Movers & Shakers

A moveable feast of articles, interviews and reviews on seminal figures who advanced the art of jazz in the early decades.

The ‘Fatha’ was the Daddy of Them All

Earl ‘Fatha’ Hines has been called the first modern jazz pianist.

Good luck brought Earl Hines and Louis Armstrong together in 1926 when they met by accident at the local musician's union hall in Chicago. The two soon-to-be jazz legends became great friends, and Hines worked briefly in Louis Armstrong's Stompers. Their friendship resulted in a series of spectacular recordings made in 1928, including the famous Hot Five and Hot Seven sessions that produced "West End Blues."

Here Siegfried H. Mohr, an expert in historical jazz piano styles, offers an excerpt of his interview with Earl Hines first published in Le Jazz Hot magazine in Paris in the 70s.

Mohr asked Earl Hines about his association with Louis Armstrong.

Hines: Now, Armstrong and I have always been buddies from the beginning. We went into the Sunset Cafe together with Carroll Dickerson's Orchestra in the spring of 1926, see? This was right across 35th Street (on the south side of Chicago) from the Plantation Cafe where King Oliver was playing. Louis and I ran around together. We were inseparable the whole time we were in the Sunset. There's nothing much to be said other than we were like two brothers.

Mohr: Your famous 'trumpet piano style' of playing was strongly featured in those Armstrong dates. How did you evolve that?

Hines: Well, you see, it so happens that a lot of people don't tell the truth about it coming from me. I wanted to play cornet but at that time they didn't have this system of non-pressure. I picked the doggone thing up and blew it and it used to hurt me behind my ears.

Hines: Well, you see, it so happens that a lot of people don't tell the truth about it coming from me. I wanted to play cornet but at that time they didn't have this system of non-pressure. I picked the doggone thing up and blew it and it used to hurt me behind my ears.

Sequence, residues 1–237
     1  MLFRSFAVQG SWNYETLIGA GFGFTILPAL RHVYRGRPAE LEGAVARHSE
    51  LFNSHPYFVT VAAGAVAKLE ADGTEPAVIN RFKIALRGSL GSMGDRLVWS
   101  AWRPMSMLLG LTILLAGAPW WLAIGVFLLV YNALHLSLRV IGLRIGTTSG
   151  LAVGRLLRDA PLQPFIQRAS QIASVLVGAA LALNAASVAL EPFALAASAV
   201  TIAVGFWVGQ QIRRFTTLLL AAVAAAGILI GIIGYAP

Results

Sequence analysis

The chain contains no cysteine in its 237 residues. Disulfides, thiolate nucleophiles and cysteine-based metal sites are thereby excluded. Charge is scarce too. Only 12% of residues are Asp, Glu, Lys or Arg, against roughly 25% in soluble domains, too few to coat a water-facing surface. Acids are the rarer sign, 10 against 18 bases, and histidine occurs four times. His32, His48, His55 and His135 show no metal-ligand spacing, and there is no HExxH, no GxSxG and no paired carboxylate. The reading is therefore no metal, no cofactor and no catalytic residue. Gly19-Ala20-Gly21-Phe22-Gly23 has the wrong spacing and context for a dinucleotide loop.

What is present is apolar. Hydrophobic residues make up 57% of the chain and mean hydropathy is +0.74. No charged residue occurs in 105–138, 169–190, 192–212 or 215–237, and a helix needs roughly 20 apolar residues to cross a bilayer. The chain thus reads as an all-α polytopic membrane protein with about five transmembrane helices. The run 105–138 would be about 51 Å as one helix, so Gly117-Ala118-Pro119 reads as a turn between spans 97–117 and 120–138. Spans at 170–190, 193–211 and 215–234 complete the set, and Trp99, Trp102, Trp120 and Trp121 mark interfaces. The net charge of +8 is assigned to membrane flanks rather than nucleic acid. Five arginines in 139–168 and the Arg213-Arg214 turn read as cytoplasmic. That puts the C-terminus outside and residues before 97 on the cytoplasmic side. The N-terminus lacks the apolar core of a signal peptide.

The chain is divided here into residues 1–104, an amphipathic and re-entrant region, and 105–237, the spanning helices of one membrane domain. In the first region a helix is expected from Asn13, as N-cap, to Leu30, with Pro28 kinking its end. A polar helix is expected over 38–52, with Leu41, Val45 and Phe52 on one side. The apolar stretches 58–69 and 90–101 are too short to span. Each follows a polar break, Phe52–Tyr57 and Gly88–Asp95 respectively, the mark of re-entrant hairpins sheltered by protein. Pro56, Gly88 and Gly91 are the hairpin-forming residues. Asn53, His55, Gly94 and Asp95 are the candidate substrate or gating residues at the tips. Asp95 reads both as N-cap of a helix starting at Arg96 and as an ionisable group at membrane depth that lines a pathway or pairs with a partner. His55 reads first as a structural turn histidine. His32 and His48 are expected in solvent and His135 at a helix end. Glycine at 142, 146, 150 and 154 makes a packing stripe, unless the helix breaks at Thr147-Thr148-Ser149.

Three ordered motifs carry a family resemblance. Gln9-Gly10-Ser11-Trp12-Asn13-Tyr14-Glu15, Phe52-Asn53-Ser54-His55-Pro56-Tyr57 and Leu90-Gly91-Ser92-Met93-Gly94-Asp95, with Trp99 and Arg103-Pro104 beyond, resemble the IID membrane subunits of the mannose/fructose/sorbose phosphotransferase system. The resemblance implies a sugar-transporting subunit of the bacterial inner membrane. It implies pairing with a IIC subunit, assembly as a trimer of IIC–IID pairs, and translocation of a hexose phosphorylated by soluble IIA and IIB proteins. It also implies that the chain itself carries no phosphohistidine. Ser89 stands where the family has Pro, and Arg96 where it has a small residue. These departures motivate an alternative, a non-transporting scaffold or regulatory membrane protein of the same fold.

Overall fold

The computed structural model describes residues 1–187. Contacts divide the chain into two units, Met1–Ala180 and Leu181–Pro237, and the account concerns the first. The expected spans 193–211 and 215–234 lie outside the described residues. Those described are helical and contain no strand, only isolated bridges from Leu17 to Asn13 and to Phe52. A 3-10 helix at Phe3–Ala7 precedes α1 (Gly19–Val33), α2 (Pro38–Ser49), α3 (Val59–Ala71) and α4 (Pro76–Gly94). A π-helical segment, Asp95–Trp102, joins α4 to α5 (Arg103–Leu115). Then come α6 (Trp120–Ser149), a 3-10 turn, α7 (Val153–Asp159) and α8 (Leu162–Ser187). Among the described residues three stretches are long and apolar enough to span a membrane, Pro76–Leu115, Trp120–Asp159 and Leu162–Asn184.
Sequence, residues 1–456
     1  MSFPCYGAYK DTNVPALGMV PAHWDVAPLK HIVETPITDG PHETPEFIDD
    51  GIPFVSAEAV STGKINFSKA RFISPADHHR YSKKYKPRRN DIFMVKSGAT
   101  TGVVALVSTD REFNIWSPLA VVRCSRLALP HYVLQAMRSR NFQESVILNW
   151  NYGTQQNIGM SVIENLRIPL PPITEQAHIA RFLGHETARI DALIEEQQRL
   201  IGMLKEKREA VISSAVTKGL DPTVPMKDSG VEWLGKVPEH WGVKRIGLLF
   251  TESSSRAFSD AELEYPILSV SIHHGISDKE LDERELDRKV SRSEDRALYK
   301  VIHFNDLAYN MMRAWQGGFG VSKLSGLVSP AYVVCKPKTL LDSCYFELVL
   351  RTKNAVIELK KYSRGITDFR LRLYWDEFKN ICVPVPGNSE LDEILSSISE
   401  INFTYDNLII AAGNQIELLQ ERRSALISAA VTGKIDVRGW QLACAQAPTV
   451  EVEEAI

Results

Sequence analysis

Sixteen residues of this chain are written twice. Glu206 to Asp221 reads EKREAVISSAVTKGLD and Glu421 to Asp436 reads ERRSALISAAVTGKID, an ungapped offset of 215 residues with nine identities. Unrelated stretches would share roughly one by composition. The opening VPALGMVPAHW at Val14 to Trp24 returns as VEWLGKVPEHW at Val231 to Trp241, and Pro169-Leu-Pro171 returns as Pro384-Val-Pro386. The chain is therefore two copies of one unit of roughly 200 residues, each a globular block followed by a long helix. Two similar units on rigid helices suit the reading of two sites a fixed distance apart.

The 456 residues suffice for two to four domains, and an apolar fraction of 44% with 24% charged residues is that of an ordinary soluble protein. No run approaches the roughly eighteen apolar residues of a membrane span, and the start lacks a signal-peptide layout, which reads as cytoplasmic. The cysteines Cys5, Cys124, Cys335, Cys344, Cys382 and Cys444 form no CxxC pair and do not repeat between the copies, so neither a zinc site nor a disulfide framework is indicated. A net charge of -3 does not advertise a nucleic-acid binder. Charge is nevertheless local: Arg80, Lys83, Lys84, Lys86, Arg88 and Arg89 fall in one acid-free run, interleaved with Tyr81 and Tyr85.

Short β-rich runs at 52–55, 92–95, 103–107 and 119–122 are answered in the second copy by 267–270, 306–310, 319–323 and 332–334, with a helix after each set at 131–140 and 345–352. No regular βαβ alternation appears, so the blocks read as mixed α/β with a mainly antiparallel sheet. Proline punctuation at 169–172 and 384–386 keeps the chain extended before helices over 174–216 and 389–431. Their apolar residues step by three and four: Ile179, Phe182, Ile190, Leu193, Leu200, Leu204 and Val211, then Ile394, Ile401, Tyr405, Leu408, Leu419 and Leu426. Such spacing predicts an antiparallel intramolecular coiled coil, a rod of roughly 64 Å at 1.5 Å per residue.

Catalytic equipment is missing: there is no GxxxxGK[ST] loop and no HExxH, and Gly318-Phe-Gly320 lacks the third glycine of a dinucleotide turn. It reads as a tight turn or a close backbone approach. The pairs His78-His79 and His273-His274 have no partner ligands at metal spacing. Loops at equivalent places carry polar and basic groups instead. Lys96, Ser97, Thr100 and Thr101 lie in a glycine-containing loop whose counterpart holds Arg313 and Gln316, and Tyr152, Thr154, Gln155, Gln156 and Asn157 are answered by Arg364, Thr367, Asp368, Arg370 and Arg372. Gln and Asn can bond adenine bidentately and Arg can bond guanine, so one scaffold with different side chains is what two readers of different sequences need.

When I got to Chicago I was amazed to find a trumpet player like Louis who was playing the things that I wanted to play. We were actually playing the same things, the same style. Only he was playing it on trumpet, I was playing it on piano. We used to copy from each other—if he used to make a run I'd steal it and say ‘thank you.’ And I'd make one and he'd steal it and say ‘thank you’. That's how my trumpet style piano came about. People think that I got it from Armstrong but l didn't! I was playing this way before I met Louis. When I made the records with him, I was already playing like this. People have misunderstood that, not that I feel envious toward Louis—I don't mean it that way. I just want to let people know that there are other people that were involved in my getting that particular style—Joe Smith and Gus Aiken, you see—but these musicians were unknowns.

Hines: They were nothing but standard tunes, with the exception of his originals. Louis and I, we just enjoyed each other's work. Louis was a happy-go-lucky fellow and so was I and we ran around together. It just so happened that I was playing things similar to the things he was playing. I used octaves and played the piano like a trumpet rather than a whole lot of fingering like other guys were doing on piano at the time. They were playing ragtime stuff. I wasn't doing that. When I was in the band I thought of myself as another instrument similar to the horns—in other words I used to team up with the other horns with my right hand, see? That's the reason why they call my playing that, trumpet style.

Mohr: Were there any idols that you had on your instrument at that time?

Hines: Well, the best danceable, best likeable music I found during those days was in nightlife. The nightclubs were playing the kind of music that lasted because it had the blues effect. People out late at night wanted someplace to go to tap their feet or listen to beautiful ballads.

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